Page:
Building Advanced CMake for Linux Targets

In order to automatically edit CMakeLists.txt files in response to the changes made via Visual Studio GUI, VisualGDB requires CMake with Sysprogs Extensions or CMake 3.10 (not 3.10.1 or later).

The Sysprogs Extensions allow CMake to report detailed information about the location of each target, so VisualGDB can edit it.

The Sysprogs Extensions were merged into CMake 3.10, removed from 3.10.1 and replaced with another similar interface in CMake 3.14. In order to use Advanced CMake projects on Linux targets, please consider the following options:

  • Build CMake with Sysprogs extensions (see instructions below). This will also enable stepping through CMake files and more precise editing of settings.
  • Install original CMake 3.10 (not 3.10.1).
  • Install original CMake 3.14 or later.

The Sysprogs fork of CMake is 100% backwards-compatible with the original CMake. All features added in it improve the IDE integration and do not change any other logic. If you use our CMake fork for development, you will be always able to build your projects using the original CMake and get exactly the same results.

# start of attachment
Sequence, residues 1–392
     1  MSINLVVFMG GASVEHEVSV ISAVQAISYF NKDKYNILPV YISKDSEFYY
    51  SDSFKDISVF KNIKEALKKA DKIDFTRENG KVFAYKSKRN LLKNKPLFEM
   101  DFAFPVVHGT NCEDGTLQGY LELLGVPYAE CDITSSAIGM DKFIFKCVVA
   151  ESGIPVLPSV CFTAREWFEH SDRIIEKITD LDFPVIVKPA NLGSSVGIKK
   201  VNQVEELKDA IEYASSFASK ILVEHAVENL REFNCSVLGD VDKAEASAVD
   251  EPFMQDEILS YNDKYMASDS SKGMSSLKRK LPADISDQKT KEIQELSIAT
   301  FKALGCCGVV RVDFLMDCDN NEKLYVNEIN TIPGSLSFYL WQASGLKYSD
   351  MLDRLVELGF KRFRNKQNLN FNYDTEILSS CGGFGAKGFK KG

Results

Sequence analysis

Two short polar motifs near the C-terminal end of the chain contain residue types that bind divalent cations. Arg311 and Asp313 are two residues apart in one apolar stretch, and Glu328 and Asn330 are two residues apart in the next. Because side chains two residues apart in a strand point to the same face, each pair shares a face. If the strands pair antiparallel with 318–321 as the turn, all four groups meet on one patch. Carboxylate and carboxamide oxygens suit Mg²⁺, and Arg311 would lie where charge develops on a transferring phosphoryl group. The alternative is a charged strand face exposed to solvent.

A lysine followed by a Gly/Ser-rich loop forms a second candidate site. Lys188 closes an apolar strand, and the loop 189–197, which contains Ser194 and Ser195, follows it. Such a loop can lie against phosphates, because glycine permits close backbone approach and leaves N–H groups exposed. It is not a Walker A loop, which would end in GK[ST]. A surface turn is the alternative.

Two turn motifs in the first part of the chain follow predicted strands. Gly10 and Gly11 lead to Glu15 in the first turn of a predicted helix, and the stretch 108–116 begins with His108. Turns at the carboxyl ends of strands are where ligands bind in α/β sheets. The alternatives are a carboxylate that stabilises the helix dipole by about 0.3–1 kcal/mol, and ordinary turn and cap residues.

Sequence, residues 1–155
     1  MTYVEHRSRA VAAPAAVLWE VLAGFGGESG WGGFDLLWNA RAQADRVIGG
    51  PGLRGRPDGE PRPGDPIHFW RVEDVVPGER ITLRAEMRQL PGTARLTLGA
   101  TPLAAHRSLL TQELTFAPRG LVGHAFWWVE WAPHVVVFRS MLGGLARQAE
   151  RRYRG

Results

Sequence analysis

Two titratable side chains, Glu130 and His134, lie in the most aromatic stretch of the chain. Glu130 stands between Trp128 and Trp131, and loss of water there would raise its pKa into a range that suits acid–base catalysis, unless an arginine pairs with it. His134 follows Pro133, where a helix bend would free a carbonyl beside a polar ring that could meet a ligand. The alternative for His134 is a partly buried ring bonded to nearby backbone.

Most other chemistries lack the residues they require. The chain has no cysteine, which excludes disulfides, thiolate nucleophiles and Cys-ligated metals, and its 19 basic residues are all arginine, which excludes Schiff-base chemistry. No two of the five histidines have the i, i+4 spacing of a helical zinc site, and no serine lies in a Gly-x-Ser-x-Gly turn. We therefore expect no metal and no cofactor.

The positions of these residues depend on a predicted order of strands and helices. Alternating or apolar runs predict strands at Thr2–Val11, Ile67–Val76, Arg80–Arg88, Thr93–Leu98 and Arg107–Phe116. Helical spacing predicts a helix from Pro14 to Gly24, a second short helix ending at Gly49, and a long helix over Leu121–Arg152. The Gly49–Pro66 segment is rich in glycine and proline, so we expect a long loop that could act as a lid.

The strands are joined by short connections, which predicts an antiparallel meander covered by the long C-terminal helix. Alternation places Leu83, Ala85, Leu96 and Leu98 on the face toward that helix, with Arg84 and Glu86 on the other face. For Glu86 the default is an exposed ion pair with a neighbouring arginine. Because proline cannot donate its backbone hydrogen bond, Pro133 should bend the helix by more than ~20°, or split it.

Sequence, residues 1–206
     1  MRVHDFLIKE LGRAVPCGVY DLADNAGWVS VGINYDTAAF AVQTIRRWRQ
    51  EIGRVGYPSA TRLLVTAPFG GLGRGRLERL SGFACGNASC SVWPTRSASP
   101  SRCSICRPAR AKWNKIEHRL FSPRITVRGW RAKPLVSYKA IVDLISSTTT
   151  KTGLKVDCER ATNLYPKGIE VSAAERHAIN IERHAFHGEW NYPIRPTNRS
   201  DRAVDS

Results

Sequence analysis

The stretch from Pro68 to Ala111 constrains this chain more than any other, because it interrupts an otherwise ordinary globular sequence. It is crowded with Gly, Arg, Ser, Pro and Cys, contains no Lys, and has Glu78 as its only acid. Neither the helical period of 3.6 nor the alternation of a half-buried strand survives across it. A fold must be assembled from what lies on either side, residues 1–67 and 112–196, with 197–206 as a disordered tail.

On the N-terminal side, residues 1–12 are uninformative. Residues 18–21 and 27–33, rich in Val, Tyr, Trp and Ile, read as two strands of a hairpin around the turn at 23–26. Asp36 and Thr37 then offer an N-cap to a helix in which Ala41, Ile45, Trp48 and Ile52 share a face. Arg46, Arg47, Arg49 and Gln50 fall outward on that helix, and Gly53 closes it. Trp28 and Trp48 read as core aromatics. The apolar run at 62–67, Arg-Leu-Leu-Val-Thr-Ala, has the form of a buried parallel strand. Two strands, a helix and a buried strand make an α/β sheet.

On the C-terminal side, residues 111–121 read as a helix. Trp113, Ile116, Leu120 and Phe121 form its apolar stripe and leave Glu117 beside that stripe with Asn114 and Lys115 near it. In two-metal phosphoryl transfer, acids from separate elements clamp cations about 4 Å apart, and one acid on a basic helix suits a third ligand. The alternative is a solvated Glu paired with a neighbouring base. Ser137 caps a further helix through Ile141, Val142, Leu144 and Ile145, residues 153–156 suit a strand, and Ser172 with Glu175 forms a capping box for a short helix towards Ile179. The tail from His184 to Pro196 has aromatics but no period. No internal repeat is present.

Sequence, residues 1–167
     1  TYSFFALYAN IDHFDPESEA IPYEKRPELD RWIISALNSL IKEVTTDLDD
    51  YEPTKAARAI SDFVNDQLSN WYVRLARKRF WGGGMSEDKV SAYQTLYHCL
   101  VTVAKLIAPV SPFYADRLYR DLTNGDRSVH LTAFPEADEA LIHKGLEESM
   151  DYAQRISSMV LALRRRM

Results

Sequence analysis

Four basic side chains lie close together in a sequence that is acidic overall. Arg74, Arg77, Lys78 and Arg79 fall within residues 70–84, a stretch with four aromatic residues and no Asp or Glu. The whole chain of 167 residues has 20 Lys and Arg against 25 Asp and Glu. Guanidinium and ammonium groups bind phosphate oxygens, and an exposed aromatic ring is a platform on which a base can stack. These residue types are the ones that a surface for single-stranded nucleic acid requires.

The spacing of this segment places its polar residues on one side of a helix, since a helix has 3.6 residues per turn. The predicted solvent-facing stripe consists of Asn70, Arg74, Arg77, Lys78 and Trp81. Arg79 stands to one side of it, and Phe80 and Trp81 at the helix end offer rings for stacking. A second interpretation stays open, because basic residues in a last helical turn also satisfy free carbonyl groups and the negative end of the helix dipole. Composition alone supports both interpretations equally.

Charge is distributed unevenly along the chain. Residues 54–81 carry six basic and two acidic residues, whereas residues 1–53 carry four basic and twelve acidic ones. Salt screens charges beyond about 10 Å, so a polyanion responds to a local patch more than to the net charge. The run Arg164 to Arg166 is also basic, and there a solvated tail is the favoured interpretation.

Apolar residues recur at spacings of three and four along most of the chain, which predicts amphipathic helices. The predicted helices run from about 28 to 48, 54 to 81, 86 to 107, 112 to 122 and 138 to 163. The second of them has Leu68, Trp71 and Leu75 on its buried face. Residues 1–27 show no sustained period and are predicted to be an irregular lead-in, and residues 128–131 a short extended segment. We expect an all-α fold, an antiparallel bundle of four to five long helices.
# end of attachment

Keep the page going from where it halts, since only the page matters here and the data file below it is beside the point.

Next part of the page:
If you are building your projects on Windows, VisualGDB will automatically install and use the advanced CMake build. If you are building your code on Linux, follow the steps below to download the modified source code and build it:

  1. Ensure the git client is installed on your Linux machine. You can normally install it via “sudo apt-get install git” or “yum install git”.
  2. Run the following commands:
    git clone
    cd CMake
    mkdir build && cd build
    sudo make install
  3. If CMake build fails due to unsupported make_unique<>, try updating your gcc to version 4.9 or later, or simply modify cmServer.cxx as shown below:
    -debug = std::make_unique<DebugInfo>();
    +debug.reset(new DebugInfo);

    then modify cmServerProtocol.cxx:

    -this->m_CMakeInstance = std::make_unique<cmake>();
    +this->m_CMakeInstance.reset(new cmake);
  4. f CMake complains about missing dependencies, install them using apt-get or yum. On Debian-based systems you can run “sudo apt-get build-dep cmake” to get the packages neceesary to build CMake.
  5. Once the new CMake is installed, ensure it is executed when you run the ‘cmake’ command (you can check this by running ‘which cmake’). Alternatively you can specify the location of the new CMake binary via VisualGDB Project Properties.

If you are building the code on Windows, VisualGDB will automatically download the pre-built version of our CMake fork. If you don’t have direct Internet connection on that computer, please download it here and specify its location via Tools->Options->VisualGDB->Common->Tools->Full Path to CMake.exe.